In Claim 8, which as explained above is procedurally defaulted, Carter indicates that his constitutional rights were violated by the state statute providing a sentencing enhancement in his case. The United States Supreme Court has stated that "a person who has been so convicted is eligible for, and the court may impose, whatever punishment is authorized by statute for his offense, so long as that penalty is not cruel and unusual, . . . and so long as the penalty is not based on an arbitrary distinction that would violate the Due Process Clause of the Fifth Amendment." Chapman v. United States, 500 U.S. 453, 465 (1991). Carter has not shown how the sentencing enhancement would have violated any of his federal constitutional rights, and the claim is thus not a legally cognizable claim. See, e.g., United States ex rel. Kelley v. Haws, 2001 WL 300306, at *2 (N.D. Ill. 2001)(finding that a double enhancement argument did not relate to federal constitutional issues). We also note that, even if Claim 8 were cognizable, based on the record before the court, the claim is clearly meritless.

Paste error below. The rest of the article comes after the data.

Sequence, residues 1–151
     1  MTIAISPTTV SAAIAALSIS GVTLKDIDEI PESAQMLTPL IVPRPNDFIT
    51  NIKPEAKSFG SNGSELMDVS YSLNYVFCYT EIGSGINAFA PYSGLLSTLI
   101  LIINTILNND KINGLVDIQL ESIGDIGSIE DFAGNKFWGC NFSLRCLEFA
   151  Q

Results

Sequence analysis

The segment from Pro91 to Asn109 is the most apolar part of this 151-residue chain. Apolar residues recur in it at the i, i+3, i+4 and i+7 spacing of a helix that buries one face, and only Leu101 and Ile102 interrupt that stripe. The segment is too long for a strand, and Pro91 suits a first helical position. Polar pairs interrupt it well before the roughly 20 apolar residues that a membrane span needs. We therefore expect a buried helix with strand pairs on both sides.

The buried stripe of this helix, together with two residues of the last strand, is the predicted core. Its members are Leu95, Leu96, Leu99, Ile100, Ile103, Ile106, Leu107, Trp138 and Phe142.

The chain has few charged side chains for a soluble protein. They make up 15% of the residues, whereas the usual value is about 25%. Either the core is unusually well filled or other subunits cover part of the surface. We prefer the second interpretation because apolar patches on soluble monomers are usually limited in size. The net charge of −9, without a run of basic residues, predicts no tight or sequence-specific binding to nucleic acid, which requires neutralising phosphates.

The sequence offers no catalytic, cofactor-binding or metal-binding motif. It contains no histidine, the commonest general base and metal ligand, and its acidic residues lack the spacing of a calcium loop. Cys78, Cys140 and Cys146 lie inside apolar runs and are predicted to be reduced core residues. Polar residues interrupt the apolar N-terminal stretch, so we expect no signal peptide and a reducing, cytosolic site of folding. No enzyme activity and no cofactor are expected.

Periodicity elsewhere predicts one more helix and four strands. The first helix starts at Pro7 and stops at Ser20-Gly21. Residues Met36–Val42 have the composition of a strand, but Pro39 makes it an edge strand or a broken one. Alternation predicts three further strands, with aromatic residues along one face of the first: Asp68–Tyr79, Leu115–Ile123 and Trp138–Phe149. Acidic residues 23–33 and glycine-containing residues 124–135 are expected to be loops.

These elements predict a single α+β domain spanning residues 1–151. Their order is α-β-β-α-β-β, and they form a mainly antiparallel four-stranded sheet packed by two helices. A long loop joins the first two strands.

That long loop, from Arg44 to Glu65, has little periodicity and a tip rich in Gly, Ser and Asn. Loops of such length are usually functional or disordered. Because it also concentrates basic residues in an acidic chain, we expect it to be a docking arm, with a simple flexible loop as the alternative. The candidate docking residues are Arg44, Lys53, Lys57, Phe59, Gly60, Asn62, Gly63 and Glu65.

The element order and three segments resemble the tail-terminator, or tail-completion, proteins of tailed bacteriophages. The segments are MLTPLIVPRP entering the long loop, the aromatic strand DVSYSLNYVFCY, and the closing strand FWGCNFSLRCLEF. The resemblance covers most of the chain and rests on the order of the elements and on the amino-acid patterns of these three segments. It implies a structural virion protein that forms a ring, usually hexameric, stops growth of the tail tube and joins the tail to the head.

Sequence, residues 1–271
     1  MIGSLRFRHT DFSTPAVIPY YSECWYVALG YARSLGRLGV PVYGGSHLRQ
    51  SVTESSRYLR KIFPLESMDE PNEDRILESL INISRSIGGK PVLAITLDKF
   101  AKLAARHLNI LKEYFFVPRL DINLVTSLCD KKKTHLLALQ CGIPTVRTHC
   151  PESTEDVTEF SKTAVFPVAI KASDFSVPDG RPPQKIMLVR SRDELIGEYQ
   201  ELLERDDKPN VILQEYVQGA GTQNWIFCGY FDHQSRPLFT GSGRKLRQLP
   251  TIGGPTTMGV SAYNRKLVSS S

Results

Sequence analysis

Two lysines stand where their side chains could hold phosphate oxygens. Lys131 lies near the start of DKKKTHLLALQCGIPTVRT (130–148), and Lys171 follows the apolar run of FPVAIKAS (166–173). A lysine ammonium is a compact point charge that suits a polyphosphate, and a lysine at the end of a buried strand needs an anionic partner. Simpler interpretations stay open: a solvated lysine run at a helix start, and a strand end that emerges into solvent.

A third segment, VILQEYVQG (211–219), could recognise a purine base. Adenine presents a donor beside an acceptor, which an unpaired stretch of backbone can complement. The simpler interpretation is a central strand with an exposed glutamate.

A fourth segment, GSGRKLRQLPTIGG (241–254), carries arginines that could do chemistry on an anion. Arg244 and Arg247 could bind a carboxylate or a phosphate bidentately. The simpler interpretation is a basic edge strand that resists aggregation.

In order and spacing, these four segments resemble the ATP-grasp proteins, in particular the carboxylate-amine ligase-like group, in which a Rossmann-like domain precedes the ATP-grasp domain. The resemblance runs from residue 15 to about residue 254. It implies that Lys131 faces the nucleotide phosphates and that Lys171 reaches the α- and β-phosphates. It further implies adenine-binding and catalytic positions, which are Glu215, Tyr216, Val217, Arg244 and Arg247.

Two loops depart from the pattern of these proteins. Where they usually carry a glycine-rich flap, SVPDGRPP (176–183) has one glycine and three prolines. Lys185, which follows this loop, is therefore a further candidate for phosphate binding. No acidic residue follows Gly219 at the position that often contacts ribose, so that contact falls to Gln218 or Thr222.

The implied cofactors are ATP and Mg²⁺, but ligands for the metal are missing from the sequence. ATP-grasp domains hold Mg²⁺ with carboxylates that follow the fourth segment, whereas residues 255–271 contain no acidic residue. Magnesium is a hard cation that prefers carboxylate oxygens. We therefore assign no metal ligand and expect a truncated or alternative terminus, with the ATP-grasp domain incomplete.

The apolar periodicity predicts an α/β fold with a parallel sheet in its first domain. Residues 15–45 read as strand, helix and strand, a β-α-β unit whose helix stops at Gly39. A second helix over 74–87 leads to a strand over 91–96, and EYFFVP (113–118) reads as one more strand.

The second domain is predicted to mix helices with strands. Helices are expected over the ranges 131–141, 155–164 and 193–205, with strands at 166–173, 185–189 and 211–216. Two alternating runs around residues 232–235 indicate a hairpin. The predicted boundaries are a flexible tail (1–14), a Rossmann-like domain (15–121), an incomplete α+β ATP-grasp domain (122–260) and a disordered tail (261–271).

III. Meritless Claims

Respondent also argues that Claims 2 and 3 are meritless. Pursuant to 28

U.S.C. § 2254(e)(1), "[i]n a proceeding instituted by an application for a writ of habeas corpus by a person in custody pursuant to the judgment of a State court, a determination of a factual issue made by a State court shall be presumed to be correct" and "[t]he applicant shall have the burden of rebutting the presumption of correctness by clear and convincing evidence." Id.; see also 28 U.S.C. § 2254(e)(2)(explaining instances when a court hearing a habeas should hold an evidentiary hearing); Mendiola v. Schomig, 224 F.3d 589, 592 (7th Cir. 2000)(explaining that on habeas review, the "state appellate courts' findings are entitled to the same respect that trial judges' findings receive").

A. Testimony of Lane (Claim 2)